Rapid expansion and international spread of M1UK in the post-pandemic UK upsurge of Streptococcus pyogenes

Ana Vieira, Yu Wan, Yan Ryan, Ho Kwong Li, Rebecca L. Guy, Maria Papangeli, Kristin K. Huse, Lucy C. Reeves, Valerie W.C. Soo, Roger Daniel, Alessandra Harley, Karen Broughton, Chenchal Dhami, Mark Ganner, Marjorie A. Ganner, Zaynab Mumin, Maryam Razaei, Emma Rundberg, Rufat Mammadov, Ewurabena A. MillsVincenzo Sgro, Kai Yi Mok, Xavier Didelot, Nicholas J. Croucher, Elita Jauneikaite, Theresa Lamagni, Colin S. Brown, Juliana Coelho*, Shiranee Sriskandan*

*Corresponding author for this work

Research output: Contribution to journalArticlepeer-review


The UK observed a marked increase in scarlet fever and invasive group A streptococcal infection in 2022 with severe outcomes in children and similar trends worldwide. Here we report lineage M1UK to be the dominant source of invasive infections in this upsurge. Compared with ancestral M1global strains, invasive M1UK strains exhibit reduced genomic diversity and fewer mutations in two-component regulator genes covRS. The emergence of M1UK is dated to 2008. Following a bottleneck coinciding with the COVID-19 pandemic, three emergent M1UK clades underwent rapid nationwide expansion, despite lack of detection in previous years. All M1UK isolates thus-far sequenced globally have a phylogenetic origin in the UK, with dispersal of the new clades in Europe. While waning immunity may promote streptococcal epidemics, the genetic features of M1UK point to a fitness advantage in pathogenicity, and a striking ability to persist through population bottlenecks.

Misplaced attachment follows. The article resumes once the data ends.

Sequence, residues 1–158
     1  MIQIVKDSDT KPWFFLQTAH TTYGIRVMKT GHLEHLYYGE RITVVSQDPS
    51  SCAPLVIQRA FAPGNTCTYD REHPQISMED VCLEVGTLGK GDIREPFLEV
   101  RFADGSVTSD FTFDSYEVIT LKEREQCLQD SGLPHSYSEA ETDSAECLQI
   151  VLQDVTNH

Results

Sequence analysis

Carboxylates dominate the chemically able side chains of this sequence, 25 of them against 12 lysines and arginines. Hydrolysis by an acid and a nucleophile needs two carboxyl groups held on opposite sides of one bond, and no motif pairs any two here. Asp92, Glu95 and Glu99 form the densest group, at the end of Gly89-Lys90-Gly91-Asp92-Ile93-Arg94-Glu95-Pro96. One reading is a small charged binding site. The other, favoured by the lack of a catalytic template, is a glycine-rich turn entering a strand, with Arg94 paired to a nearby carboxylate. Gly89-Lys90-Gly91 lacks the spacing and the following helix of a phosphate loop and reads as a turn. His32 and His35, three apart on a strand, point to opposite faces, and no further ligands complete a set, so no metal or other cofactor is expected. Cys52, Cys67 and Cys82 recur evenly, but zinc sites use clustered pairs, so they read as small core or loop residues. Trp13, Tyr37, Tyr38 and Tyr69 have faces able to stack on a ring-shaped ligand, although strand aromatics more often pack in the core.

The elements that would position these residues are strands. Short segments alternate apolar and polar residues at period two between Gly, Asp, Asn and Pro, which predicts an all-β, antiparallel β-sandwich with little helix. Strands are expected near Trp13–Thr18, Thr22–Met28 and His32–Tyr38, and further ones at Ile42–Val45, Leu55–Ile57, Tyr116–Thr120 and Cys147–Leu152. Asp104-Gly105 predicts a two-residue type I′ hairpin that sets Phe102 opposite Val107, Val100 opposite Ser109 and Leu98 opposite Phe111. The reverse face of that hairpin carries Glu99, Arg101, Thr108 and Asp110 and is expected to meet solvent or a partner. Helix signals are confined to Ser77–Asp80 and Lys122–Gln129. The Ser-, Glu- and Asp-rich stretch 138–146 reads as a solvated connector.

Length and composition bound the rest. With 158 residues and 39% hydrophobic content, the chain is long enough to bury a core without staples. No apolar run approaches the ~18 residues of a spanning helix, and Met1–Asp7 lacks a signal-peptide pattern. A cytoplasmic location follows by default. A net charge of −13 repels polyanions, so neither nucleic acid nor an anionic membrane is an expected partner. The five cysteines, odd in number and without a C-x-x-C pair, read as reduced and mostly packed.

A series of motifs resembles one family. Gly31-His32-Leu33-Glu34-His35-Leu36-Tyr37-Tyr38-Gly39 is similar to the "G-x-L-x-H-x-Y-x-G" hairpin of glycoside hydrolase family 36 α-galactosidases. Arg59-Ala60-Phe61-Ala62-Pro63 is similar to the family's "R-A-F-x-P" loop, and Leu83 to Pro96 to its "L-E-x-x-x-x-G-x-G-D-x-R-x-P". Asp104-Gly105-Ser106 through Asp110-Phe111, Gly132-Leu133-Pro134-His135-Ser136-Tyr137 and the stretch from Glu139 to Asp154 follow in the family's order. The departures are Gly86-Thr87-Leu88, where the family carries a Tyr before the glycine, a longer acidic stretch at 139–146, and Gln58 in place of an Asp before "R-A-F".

Original languageEnglish
Article number3916
JournalNature Communications
Issue number1
Publication statusPublished - Dec 2024

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